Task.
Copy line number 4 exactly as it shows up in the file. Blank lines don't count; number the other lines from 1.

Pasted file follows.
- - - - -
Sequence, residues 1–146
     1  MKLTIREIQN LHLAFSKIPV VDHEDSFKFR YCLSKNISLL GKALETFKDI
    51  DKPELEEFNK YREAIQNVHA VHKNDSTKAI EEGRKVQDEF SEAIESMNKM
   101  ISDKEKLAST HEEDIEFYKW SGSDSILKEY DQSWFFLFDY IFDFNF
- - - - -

   101  ISDKEKLAST HEEDIEFYKW SGSDSILKEY DQSWFFLFDY IFDFNF